Saturday, August 13, 2022

Did an old rocket really hit the moon?

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Scientists believe a roughly four-ton discarded rocket has slammed into the moon while travelling at 9,300 kilometres per hour. However, there is no proof yet of the impact.

Astronomers say the space junk, which had been hurtling through space for years, hit the moon’s far side, meaning it could take months to find.

According to orbital calculations on speed and trajectory using Earth-based telescopes, the old rocket crashed into the moon in a large, existing crater on Friday at 7:25 a.m. EST. In part because it hit the far side of the moon, the strike wasn’t directly observed by astronomers.

Scientists say the rocket is expected to have created a crater within the existing crater approximately 10 to 20 metres across, roughly the size of a basketball court.

To know exactly where the rocket hit, astronomers will need satellite images, but NASA’s Lunar Reconnaissance Orbiter and India’s Chandrayaan-2, which both orbit the moon, were not in a position to observe the impact as it happened. Both probes are only able to observe any region on the Moon once a month.

However, NASA says the orbiter’s mission team is assessing whether observations can be made by any changes to the lunar environment following the time of the impact. With this, the space agency said it may be able to later identify the crater formed by the impact.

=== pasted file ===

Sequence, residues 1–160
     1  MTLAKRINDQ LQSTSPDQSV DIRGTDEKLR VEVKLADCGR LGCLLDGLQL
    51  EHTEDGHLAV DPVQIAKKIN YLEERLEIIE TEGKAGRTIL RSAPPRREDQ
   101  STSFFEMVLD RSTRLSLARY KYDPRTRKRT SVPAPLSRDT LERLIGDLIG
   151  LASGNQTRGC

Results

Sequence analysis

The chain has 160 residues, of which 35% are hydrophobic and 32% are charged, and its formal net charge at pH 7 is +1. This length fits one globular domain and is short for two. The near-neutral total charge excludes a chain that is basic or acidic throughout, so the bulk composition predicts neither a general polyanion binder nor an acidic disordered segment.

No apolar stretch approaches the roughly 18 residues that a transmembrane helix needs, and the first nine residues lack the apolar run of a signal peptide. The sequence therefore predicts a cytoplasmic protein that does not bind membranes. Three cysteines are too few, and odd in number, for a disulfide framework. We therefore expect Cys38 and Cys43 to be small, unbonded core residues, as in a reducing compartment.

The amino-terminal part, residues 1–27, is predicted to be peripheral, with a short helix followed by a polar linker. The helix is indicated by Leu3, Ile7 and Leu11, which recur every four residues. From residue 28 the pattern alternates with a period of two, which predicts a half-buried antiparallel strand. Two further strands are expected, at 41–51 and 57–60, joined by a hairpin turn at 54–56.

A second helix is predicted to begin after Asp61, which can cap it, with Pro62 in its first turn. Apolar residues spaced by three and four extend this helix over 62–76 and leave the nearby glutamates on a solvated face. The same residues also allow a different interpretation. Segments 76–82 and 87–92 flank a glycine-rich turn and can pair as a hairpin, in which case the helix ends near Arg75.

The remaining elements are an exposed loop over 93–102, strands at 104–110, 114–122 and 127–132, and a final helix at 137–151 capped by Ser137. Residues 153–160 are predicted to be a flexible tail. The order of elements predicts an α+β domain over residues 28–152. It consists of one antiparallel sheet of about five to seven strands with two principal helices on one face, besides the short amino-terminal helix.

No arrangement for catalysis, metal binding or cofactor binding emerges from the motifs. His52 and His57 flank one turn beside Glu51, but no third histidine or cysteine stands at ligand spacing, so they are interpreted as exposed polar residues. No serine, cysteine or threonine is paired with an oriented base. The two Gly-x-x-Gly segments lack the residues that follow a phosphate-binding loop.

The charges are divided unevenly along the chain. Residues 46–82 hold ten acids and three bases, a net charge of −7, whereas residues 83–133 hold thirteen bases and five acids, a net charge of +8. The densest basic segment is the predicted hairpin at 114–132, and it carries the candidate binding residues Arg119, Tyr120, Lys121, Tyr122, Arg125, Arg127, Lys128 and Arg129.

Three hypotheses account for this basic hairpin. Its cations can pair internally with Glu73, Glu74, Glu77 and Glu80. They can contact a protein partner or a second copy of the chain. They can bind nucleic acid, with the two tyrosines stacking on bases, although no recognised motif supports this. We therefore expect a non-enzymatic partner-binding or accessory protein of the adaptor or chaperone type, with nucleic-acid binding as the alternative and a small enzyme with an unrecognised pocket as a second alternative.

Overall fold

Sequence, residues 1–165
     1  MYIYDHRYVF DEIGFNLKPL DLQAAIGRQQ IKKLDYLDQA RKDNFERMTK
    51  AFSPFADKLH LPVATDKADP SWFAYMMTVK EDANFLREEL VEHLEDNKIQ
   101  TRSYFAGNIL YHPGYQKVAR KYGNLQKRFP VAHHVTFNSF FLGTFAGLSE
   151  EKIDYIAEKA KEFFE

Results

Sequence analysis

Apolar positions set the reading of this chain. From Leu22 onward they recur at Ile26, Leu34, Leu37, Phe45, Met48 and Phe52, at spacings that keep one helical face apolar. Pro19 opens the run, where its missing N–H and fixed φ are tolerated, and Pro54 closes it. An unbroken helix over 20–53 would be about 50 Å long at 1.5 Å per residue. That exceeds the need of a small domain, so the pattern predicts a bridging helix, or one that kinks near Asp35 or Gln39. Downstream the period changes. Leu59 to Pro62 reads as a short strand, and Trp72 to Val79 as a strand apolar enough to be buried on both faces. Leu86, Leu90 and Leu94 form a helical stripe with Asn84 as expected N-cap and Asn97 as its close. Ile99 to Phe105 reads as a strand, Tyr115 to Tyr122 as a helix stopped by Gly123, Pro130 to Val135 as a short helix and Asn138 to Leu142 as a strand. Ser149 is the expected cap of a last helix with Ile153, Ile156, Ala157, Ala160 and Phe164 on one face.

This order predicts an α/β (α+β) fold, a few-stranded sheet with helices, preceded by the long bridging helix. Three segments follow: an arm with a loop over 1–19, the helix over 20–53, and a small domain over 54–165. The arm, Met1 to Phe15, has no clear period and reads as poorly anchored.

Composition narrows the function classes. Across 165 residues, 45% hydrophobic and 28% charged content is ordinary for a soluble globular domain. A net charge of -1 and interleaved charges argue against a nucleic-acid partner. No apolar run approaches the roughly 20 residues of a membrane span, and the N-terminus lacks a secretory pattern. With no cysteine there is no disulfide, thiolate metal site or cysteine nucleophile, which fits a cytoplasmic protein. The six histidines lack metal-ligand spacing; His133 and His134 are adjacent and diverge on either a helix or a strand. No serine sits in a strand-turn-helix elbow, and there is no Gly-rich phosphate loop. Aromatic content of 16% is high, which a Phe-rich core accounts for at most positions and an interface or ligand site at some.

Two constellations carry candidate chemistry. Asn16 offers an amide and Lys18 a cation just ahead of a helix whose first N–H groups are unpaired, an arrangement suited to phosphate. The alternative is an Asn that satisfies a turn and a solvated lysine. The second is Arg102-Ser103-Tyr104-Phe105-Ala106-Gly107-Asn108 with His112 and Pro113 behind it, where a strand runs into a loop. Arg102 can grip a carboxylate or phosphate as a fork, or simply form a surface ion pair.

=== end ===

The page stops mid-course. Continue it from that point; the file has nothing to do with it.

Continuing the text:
Astronomer Bill Gray, an independent contractor who has created orbital calculation software used by NASA, was the first to identify the old rocket back in 2015. Gray tracks space junk to ensure scientists do not confuse them with asteroids.

According to Gray, he initially thought the space junk was a SpaceX rocket. Upon deeper analysis, he concluded it was a discarded rocket booster from China’s Chang’e 5-T1 mission in 2014. Chinese officials disagree and claim the booster burned up in re-entry to Earth’s atmosphere years ago.

However, the U.S. Department of Defence’s Space Command, which tracks low-Earth orbiting space junk, released a statement Tuesday saying China’s 2014 rocket never deorbited.

While it is not unusual for leftover rocket parts to be abandoned in space after helping launch a spacecraft, scientists note this hit marks the first time an unintentional collision with the moon had been projected.

Scientists have intentionally crashed rocket stages into the moon before, including during the Apollo missions to study seismometers.



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